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There are books and articles written about the Bouton family and most have errors. One is almost comically bad, dating from 1890,1 and, probably due to its being available on, is one of the main sources for Bouton misinformation repeated on the web. An article published in 18972 sensibly argues against these errors, but being in a genealogical journal, it has escaped the notice of most casual family historians who lack the exprience that would tell them to not believe everything you see on the internet. Here are the major disputed points.

Bouton is different from Bowton, Boughton, Boutton, etc., etc.

     Most people were illiterate in 16th and 17th century England and 17th century American colonies, which covers the lifespans of John's immediate family. Even people with a medium amount of education were often semi-literate. Spelling evidently wasn't a priority. We don't know how John Bouton spelled his name, in any case. It appears in Connecticut records spelled in many ways depending on the person writing it. Only after several generations was it typified to "Bouton," and some branches, "Boughton." No credible assumptions can be made about where John was born based on so little evidence. The assumption that the true spelling of the name was always Bouton, and therefore French, leads to another disputed point.

John "Bouton" was the Huguenot son of a French count

     These ideas may have first appeared in print in History of Fairfield County, Connecticut.3 Like many early genealogical publications, things were stated as fact, but without any sources cited or explanations, then repeated and much further expanded in the most problematic book mentioned above. History of Fairfield has supportable facts, but it's also a compilation of heresay and outright mistakes. There isn't any publicly available evidence to make even a credible guess about John's birth family or religion, other than his almost surely being a Protestant, since Catholics and Jews weren't tolerated in the New England colonies when John was alive. It appears that someone, assuming "Bouton" was French, looked in French genealogy books for a connection. Those books were for "noble" famlies, and there they found the titled "Boutons de Chamilly." The name can be found variously spelled in English parish records, so without any credible evidence that John was French, it makes more sense to consider him English like the vast majority of his fellow settlers. Among the mistakes appearing online and in self-published genealogies is the claim that there are records for the Boutons in Great Leighs, Essex, England. This is simply confusing them with the Kelloggs. There is even a "fact" being repeated that Alice was born on the same day in 1600 as her husband Matthew Marvin. Such is the sloppy way people are treating their family histories.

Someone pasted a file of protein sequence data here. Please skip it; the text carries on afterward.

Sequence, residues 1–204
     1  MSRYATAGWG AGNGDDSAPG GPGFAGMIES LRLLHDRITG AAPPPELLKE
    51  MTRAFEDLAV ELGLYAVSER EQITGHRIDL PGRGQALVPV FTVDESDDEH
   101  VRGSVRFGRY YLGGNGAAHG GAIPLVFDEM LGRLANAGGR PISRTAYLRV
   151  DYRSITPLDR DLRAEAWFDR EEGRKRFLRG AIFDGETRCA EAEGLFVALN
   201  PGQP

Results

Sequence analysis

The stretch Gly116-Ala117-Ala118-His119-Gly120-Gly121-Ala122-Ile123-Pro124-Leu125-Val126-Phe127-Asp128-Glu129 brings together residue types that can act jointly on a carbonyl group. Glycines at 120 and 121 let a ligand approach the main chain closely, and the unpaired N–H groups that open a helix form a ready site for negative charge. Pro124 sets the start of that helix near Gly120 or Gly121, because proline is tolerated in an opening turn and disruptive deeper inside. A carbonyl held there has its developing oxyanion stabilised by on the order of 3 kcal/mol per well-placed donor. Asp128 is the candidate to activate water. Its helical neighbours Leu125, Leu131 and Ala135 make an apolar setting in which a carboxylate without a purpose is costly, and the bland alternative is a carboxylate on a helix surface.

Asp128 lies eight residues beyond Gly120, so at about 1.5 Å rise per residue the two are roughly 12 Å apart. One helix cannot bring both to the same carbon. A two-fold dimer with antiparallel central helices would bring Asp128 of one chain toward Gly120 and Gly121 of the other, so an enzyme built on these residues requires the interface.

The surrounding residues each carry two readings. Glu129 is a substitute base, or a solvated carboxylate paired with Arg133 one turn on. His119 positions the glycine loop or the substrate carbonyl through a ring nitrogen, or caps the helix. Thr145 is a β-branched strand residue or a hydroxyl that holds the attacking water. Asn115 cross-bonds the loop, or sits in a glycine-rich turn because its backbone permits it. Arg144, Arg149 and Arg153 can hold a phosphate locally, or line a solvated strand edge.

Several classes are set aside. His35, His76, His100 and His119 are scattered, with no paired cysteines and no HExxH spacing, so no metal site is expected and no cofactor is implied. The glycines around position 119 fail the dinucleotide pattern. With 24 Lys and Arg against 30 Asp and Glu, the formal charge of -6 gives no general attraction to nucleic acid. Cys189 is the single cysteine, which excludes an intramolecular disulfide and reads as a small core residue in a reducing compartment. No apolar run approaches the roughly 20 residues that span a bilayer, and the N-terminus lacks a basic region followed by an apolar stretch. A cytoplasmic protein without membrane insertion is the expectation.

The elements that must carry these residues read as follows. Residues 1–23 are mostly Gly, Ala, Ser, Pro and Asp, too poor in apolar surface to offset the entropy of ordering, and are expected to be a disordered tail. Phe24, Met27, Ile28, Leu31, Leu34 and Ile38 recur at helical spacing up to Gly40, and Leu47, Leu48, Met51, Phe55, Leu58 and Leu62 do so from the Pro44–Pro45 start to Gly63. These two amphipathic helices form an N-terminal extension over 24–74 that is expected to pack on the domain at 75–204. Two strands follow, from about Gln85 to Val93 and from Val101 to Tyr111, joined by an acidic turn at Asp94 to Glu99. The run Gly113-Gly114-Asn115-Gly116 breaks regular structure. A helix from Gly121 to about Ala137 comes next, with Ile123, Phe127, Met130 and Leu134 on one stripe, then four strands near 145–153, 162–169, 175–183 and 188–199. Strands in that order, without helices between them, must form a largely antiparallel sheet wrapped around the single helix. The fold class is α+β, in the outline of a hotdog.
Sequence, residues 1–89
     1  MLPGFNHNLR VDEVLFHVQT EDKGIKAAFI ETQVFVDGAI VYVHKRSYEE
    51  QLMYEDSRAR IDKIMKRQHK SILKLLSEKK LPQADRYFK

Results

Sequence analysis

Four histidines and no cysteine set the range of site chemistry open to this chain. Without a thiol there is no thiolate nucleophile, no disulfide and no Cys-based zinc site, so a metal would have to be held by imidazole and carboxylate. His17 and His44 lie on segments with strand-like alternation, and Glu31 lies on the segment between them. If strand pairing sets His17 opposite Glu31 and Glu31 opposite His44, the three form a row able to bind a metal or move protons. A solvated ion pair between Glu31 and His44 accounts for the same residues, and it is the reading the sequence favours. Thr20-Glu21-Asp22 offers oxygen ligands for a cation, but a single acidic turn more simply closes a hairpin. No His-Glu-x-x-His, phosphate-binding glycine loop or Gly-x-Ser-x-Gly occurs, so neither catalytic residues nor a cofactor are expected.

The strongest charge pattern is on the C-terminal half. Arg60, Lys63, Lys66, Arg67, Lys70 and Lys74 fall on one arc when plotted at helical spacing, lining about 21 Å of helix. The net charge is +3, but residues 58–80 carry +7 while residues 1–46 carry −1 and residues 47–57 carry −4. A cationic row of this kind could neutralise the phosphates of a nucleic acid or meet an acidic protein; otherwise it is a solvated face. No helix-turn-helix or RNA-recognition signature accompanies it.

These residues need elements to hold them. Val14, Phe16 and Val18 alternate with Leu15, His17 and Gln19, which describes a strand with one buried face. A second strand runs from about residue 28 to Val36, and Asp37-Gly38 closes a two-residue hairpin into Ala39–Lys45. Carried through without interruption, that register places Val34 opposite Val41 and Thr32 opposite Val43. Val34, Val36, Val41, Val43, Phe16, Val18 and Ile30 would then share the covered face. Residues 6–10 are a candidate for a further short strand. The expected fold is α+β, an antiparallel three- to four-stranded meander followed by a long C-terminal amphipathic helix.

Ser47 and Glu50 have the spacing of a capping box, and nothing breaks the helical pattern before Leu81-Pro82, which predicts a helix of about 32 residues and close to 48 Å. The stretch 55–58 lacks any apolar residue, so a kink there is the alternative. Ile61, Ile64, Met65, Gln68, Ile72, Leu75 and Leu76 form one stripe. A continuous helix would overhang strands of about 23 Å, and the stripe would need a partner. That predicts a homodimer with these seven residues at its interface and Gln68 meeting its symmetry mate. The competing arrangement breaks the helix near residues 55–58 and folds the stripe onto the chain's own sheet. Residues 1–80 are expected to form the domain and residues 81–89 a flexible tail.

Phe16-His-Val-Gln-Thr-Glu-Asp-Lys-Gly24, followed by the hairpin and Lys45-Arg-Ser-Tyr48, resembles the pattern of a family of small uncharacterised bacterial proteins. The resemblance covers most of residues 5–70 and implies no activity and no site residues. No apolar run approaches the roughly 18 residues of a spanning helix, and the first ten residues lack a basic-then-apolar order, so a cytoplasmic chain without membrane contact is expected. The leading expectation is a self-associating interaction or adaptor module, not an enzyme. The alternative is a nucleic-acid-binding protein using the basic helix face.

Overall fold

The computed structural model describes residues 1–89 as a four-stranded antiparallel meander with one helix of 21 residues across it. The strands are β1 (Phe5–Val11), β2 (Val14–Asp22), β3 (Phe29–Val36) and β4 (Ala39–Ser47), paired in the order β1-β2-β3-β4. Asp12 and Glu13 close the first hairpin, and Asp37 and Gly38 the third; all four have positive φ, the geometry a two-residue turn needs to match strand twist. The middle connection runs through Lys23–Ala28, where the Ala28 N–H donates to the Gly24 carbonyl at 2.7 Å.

John "Bouton" sailed on the ship Assurance

     There are many ship passenger lists available for immigrants from England during the "Great Migration" period of New England and Virginia. There are also many for which there is no record. One that is available is for the ship Assurance,4 sailing from London, England to Virginia. The passenger list was taken on 24 July 1635, including "Jno Bowton," age 20. James Savage's Genealogical Dictionary of New England6 mentions this ship and mistakenly says it was headed for Boston. Researchers jumped on this in the 19th century and stated without doubt that he was the one who went to New England (while also saying without a doubt that he was Jean Bouton of France). In Bouton-Boughton Family, James Boughton added that the ship landed in Boston in December 1635. There is no record of a ship with that name doing this, and can be chalked up to one of many careless and cryptic mistakes he made. Given how many unidentified ships that are known to have sailed to New England in this period with settlers, we can assume John was on one of them.